Between the E. coli outbreak in romaine lettuce to the recent massive ground beef recall, it’s easy to feel like you need to double-check before buying any fresh foods. Unfortunately, there’s another food to put on your watchlist—the CDC has announced a multi-state egg recall due to a salmonella outbreak. And according to the FDA, the eggs were also distributed to foreign companies, so the recall is fairly wide-ranging.
So far, the CDC has reported more than 30 cases across the country, including some hospitalizations. And since the salmonella outbreak was first reported in April, there have been several more reports of related illness. There are no deaths reported, fortunately, but this isn’t an outbreak to take lightly. Here’s what to know about the situation and what to do next.
Check If Your Eggs Are Affected by the Recall
The eggs in question are likely from Rose Acre Farms’ Hyde County, North Carolina, farm. The eggs were sold under brand names that include Coburn Farms, Country Daybreak, Crystal Farms, Food Lion, Glenview, Great Value, Nelms, Publix, Sunshine Farms and Sunups, the CDC notes. And another distributor, Cal-Maine Foods, also recalled eggs that were distributed by Rose Acre Farms. As Food Safety News notes, Crystal Farms and Great Value products are sold at Target and Walmart, respectively, so if you’re a big-box store shopper, you might have purchased some of the potentially affected product.
If you do have eggs purchased from these brands, the affected batch includes egg cartons with plant number P-1065 and Julian dates between 011 and 102. (Here’s where to find those numbers on your egg carton.) If you bought the eggs at Sunups or Publix, it also affects eggs with the plant number P-1359D and best-by dates April 2 and April 3. If you’re still not sure if your eggs are included in the recall, check the FDA’s full list of potentially affected egg brands.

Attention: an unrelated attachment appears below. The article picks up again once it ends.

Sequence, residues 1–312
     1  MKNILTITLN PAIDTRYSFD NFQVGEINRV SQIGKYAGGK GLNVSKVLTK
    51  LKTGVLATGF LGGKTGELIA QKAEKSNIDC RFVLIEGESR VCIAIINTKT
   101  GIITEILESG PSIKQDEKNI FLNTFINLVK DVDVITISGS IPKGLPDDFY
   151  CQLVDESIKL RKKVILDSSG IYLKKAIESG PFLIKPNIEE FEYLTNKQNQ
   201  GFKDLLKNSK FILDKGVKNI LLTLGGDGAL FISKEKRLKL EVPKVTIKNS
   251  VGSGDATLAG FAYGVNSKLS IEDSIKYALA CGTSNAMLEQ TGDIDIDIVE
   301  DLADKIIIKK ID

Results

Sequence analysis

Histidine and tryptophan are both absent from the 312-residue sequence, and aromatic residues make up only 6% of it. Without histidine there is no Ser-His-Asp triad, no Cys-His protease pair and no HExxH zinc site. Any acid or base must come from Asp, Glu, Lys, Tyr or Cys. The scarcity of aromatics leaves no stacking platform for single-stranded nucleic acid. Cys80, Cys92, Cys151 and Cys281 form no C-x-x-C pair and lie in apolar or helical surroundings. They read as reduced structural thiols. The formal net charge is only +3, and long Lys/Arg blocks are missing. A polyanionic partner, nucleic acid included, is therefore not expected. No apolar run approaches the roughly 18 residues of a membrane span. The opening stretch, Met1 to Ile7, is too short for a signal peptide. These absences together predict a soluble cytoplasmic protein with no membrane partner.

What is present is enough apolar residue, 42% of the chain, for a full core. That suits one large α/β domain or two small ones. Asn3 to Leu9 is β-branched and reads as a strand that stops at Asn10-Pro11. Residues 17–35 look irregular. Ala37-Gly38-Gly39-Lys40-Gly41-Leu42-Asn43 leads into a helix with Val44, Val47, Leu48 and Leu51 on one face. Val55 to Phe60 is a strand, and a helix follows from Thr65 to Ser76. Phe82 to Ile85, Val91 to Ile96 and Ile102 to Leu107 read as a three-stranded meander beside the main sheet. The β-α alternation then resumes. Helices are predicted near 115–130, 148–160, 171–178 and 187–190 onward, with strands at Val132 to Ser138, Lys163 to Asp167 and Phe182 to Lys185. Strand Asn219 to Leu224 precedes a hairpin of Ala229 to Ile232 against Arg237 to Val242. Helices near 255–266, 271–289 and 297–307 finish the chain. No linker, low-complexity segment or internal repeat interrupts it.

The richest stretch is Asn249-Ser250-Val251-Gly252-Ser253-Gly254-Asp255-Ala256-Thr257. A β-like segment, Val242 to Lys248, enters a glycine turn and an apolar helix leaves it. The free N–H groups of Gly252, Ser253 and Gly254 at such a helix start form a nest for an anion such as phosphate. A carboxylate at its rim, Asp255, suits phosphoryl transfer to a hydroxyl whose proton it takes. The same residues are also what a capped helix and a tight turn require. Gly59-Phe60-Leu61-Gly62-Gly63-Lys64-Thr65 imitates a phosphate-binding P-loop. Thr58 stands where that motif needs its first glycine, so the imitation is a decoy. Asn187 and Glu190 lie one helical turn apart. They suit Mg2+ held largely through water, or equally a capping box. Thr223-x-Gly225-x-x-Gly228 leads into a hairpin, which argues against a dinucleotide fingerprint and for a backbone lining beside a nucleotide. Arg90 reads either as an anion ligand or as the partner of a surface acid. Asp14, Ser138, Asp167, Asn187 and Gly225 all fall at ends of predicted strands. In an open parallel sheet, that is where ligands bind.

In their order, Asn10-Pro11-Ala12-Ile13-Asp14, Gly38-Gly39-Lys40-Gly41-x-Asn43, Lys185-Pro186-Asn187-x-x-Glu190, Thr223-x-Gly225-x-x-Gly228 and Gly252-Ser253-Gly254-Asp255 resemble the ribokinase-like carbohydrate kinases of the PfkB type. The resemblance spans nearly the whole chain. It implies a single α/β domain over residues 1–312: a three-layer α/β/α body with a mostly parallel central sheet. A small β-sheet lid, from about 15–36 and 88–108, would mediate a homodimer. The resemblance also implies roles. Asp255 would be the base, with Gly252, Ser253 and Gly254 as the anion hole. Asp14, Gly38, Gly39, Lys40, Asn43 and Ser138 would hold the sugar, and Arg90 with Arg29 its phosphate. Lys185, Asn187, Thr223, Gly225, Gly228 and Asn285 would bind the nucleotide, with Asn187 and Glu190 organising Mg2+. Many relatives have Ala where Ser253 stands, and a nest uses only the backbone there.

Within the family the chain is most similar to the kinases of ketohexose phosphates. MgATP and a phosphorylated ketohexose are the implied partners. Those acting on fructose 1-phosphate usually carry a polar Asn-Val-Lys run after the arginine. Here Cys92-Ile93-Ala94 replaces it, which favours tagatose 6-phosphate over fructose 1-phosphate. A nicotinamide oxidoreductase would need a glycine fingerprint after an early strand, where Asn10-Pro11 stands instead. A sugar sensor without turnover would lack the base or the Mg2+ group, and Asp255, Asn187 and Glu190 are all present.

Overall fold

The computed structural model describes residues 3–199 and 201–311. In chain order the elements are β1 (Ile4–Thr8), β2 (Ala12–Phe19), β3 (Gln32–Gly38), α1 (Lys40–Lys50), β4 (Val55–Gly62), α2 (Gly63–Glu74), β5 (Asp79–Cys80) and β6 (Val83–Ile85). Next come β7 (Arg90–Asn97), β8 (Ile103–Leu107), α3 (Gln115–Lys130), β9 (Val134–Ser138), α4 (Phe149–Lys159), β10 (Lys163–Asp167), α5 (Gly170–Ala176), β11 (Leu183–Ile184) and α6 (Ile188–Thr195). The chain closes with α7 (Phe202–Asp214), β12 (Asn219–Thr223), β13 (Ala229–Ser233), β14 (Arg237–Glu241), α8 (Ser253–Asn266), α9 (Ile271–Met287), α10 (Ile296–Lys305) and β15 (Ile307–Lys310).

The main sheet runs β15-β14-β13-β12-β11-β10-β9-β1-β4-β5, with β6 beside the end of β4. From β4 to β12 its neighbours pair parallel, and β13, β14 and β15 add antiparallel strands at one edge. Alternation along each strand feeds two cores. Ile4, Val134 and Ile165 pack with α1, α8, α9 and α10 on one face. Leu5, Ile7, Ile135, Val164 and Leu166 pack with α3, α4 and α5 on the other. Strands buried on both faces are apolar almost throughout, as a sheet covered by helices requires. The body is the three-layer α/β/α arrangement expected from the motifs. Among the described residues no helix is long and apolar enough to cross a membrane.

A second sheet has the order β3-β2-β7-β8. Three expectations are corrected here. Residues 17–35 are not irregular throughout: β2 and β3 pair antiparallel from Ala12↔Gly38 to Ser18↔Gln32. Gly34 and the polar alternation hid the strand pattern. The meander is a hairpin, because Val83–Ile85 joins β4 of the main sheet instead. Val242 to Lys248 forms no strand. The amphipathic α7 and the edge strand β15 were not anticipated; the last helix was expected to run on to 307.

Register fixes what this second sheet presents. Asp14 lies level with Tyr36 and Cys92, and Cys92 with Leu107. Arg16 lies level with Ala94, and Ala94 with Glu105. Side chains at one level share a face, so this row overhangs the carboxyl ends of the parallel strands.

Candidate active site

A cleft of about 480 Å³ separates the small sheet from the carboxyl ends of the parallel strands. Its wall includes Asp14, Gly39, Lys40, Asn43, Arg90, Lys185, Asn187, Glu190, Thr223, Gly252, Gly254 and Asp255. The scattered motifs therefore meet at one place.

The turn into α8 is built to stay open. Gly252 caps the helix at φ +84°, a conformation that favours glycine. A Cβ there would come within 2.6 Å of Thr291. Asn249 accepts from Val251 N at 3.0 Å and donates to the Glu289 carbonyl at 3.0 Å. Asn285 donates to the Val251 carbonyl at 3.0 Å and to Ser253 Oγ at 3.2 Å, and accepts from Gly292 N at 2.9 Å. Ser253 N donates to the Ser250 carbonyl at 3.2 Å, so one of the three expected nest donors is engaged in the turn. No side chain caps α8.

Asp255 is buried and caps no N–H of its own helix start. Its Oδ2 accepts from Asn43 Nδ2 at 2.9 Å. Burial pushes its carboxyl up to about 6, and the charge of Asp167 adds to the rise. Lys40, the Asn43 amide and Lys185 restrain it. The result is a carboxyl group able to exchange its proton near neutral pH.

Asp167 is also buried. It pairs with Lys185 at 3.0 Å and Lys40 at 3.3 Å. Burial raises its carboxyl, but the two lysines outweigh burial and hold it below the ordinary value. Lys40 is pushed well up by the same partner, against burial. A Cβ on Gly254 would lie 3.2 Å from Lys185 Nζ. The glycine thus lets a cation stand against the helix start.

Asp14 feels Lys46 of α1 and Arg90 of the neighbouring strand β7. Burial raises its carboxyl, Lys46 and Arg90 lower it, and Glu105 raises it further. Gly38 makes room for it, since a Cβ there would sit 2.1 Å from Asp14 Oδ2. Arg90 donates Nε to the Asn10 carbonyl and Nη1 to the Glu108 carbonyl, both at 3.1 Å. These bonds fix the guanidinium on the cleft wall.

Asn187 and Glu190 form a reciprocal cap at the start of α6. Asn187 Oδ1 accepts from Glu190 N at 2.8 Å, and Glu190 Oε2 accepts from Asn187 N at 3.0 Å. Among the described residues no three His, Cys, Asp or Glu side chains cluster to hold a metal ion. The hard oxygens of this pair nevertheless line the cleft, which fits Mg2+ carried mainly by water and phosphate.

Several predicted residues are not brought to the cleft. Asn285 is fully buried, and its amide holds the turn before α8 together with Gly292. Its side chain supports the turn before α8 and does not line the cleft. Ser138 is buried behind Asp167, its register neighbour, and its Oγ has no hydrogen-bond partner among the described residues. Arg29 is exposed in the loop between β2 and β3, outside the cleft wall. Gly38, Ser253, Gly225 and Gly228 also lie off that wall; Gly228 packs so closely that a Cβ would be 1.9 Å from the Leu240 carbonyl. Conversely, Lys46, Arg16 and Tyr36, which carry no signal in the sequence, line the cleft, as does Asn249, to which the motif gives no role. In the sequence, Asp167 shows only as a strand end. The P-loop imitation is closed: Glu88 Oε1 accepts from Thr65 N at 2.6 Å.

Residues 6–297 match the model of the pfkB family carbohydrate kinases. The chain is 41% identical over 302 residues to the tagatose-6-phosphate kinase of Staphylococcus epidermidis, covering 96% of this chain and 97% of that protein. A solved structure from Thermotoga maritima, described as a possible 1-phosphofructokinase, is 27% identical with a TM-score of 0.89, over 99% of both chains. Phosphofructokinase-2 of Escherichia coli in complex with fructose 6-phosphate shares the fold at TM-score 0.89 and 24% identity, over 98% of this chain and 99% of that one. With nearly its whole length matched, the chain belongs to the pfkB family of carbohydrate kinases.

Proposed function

Return or Toss Any Affected Eggs
Salmonella can cause serious health issues, so you don’t want to keep any eggs affected by the recall. Here are the symptoms to look out for.
If you suspect you or your family members may already have eaten eggs affected by the recall—which is possible, since the best-by dates are listed as more than a month ago—clean your fridge and keep an eye on your loved ones’ health. It’s much better to be safe than to be sorry.
And if your eggs were included in the recall—or you’re just looking for some egg-free recipes after reading this news—there are plenty of tasty meals that don’t require eggs. Even baked goods can be delicious egg-free, like this eggless chocolate cake recipe.